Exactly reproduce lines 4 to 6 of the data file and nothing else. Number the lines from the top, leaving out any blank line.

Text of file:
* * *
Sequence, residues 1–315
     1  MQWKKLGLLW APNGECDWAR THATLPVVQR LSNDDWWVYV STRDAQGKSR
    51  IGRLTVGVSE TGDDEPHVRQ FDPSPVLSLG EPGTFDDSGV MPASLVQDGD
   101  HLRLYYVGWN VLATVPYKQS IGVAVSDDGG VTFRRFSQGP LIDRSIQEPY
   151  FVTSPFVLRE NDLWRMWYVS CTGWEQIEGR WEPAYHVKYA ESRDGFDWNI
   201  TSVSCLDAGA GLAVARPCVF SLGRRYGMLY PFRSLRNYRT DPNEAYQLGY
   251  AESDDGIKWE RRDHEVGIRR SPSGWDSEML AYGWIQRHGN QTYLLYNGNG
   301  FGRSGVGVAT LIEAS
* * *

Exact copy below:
   101  HLRLYYVGWN VLATVPYKQS IGVAVSDDGG VTFRRFSQGP LIDRSIQEPY
   151  FVTSPFVLRE NDLWRMWYVS CTGWEQIEGR WEPAYHVKYA ESRDGFDWNI
   201  TSVSCLDAGA GLAVARPCVF SLGRRYGMLY PFRSLRNYRT DPNEAYQLGY